Orthophoto Image Mosaics

About orthophotos
These images present a brilliant view of the Earth from above, but they also offer the positional accuracy of a map. Orthophotos are aerial or satellite images that have been rectified to eliminate distortion caused by camera tilt and ground elevation differences. The orthophotos used here are freely available to the public from the New York State GIS (Geographic Information Systems) repository. For more detailed information on these images, please visit the preceding link.

About the mosaics
The orthophoto mosaics available at Empire State Roads are composed of individual orthophoto tiles, downloaded from the GIS repository, that have been assembled to form larger images. In cases where NYSGIS orthophotos have been restricted from online usage, USGS imagery, obtained through TerraServer USA, is used instead. This imagery is usually identical to that compiled by NYSGIS, except that it is presented in a panchromatic (black-and-white) format rather than color-infrared. The orthophoto mosaics are provided in two formats: quadrangle-based mosaics and metropolitan area mosaics.

The quadrangle-based images cover an area of 7.5 minutes of latitude and longitude, corresponding to the quadrangle maps published by the United States Geological Survey and the New York State Department of Transportation. Each quad consists of sixteen tiles, although certain mosaics contain extra tiles where the image area extends across the quadrangle edge. Furthermore, tiles may be missing for large areas within a quadrangle lying outside of New York State. The mosaics are presented at a resolution of 8 meters per pixel, reduced from the original 1 meter resolution of the tiles. Actual map scale will vary depending upon the user's display settings. The quadrangle-based mosaics are essentially the same format as USGS orthophotoquads, although they lack the minimal cartographic treatment found in the latter.

The metropolitan area mosaics are made up of whole or partial quadrangles, usually presented at 16 meters per pixel (one-half the size of the quadrangle-based mosaics, or one-sixteenth the size of the original tiles). Because of their lesser resolution, the metro area mosaics show a larger ground area in a proportionately smaller file size than the quadrangles. The metropolitan area images show the immediate vicinity of a major city or larger metropolitan area in New York State. Some of these mosaics have been augmented with USGS imagery to show adjoinging areas outside of the State.

About the files
The images are presented in high-quality JPEG format (.jpg) and generally range in size from 1 to 2.5 megabytes (for comparison, each original orthophoto tile in MrSID format is approximately 1.5 megabytes). Because of the large file sizes, it is recommended that users download the files to their hard disk, using the "Save As..." command in their browser. Images can then be viewed offline in the browser or a graphics viewing program. The images are in the public domain and may be used and distributed free of fees or licenses of any kind. It is merely requested that the New York State GIS, USGS and Empire State Roads web addresses be retained along the edge of the image, as a means of credit for the base imagery and mosaicking procedure.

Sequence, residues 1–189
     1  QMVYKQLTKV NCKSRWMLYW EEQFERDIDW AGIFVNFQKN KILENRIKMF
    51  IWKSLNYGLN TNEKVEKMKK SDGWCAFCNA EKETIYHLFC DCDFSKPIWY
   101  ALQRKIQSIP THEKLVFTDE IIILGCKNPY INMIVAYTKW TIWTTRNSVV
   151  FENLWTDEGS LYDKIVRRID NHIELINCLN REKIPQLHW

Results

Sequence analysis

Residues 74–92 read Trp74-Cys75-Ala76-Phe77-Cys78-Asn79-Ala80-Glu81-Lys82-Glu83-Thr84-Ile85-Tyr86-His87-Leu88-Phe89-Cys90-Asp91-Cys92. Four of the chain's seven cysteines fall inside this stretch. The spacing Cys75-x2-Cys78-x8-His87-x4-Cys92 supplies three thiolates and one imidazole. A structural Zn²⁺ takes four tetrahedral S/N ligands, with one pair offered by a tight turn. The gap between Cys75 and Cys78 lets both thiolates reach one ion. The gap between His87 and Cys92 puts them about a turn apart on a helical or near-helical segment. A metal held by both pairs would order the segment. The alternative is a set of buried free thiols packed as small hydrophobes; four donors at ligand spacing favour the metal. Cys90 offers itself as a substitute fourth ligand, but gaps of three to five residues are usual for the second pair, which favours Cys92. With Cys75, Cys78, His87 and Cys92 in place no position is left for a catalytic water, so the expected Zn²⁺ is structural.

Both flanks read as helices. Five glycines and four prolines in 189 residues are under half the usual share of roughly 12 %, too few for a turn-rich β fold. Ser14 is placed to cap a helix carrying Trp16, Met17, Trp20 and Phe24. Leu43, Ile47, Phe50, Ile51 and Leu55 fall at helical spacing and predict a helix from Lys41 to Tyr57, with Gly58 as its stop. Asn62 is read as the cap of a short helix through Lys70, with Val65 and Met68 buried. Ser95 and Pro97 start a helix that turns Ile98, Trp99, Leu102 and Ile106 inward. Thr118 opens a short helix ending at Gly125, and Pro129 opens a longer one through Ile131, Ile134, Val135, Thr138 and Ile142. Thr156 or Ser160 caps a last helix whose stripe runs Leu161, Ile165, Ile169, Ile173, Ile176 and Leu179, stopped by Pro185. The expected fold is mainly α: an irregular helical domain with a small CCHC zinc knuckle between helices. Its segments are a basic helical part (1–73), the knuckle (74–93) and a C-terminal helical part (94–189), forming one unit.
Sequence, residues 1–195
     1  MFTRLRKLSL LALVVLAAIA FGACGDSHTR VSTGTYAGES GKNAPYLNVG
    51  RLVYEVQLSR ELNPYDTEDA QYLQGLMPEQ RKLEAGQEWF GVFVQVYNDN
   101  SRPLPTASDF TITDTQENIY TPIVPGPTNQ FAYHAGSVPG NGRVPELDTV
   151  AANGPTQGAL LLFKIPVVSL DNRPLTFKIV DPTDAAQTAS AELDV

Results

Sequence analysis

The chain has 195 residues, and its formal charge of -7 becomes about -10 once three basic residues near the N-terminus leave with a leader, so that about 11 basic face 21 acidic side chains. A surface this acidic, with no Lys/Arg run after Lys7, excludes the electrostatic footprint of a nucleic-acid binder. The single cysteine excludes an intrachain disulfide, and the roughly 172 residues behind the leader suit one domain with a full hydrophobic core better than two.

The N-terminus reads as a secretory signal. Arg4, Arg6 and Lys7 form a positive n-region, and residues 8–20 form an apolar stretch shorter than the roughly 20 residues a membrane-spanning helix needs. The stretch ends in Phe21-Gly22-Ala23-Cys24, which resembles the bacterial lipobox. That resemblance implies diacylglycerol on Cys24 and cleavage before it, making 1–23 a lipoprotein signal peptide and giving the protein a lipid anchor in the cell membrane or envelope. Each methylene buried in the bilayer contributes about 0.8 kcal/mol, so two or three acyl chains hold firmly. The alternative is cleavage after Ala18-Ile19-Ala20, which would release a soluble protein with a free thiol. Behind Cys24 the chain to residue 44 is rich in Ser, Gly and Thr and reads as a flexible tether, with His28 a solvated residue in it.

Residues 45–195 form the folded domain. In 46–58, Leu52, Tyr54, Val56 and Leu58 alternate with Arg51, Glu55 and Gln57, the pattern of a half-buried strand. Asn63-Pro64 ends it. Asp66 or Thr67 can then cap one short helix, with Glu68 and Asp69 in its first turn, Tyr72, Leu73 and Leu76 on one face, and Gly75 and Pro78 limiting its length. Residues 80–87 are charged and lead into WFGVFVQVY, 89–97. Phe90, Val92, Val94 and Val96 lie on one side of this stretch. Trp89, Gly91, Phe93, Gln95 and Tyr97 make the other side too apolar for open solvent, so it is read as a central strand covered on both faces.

Download orthophoto image mosaics

Quadrangle-based | Metropolitan Areas

New York State Maps

Counties: This map shows boundaries and names for all 62 counties in New York State. Clicking on a county will take you to the Empire State Roads route listing for that county.

County Seats: This map shows the seat of government for each county. This is usually a City or Village, but a few are unincorporated localities; one county's seat (Warren) is considered to be a Town (Queensbury). Although the main county offices may not be located precisely within the municipality named, these are nevertheless the official, or traditional, county seats.

Cities: New York State has sixty-two Cities, shown here. They range in population from less than three thousand to over seven million, although most are between ten and thirty thousand. Cities are not the only large municipalities in the State: the largest Village, Hempstead, is more populous than all but twelve of the true Cities, and a few unincorporated places are larger still. Also available is a list of all the Cities, arranged by population (1990 census).

Villages: As of 1998 there are 554 incorporated Villages in New York. This map locates each with a dot (larger dots show Cities, smaller dots are used for villages in Rockland, Westchester and Nassau Counties because of scale). Four of the Villages in the State are coterminous with Towns and have special combined forms of government. Villages range in population from 28 persons (Dering Harbor) to nearly fifty thousand (Hempstead); most contain between 250 and 1,000 persons with larger villages reaching 5,000 or more.

Towns: All of the land in New York State lies in either a Town or a City, never both. While not all counties contain Cities, all except the five boroughs of New York City do contain Towns, and these are outlined on the map. Cities are shown on this map by a grey tint, with lighter grey depicting the lower tax areas of the Cities of Oneida, Rome and Saratoga Springs (this functions like a City surrounded by a Town, with the government of the two merged to form a single entity).